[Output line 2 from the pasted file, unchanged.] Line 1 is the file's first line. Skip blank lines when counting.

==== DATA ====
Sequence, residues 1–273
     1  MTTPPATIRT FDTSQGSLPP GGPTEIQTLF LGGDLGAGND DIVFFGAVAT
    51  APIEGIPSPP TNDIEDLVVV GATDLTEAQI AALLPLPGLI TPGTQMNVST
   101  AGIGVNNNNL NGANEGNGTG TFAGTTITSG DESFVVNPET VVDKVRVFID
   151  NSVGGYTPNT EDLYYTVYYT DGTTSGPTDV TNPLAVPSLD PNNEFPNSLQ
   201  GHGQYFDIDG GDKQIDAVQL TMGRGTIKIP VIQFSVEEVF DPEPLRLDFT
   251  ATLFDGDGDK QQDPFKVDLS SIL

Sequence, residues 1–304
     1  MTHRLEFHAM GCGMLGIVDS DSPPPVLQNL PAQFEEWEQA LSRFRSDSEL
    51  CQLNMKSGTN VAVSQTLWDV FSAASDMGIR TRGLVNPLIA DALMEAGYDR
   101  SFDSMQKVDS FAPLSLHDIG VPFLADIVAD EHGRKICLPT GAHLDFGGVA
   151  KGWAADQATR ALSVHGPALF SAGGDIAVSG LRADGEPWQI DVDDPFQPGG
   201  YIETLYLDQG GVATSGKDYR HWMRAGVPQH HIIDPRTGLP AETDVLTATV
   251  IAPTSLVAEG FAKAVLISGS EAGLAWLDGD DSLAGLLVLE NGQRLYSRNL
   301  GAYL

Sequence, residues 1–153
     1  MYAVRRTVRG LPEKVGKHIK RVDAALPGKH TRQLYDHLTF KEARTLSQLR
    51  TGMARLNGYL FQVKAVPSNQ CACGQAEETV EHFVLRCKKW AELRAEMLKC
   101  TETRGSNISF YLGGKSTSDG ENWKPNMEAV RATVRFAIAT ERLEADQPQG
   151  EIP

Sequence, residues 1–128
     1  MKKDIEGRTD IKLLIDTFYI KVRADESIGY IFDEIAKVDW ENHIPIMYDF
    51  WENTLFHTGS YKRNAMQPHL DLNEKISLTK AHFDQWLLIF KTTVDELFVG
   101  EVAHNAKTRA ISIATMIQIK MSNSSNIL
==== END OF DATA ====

     1  MTTPPATIRT FDTSQGSLPP GGPTEIQTLF LGGDLGAGND DIVFFGAVAT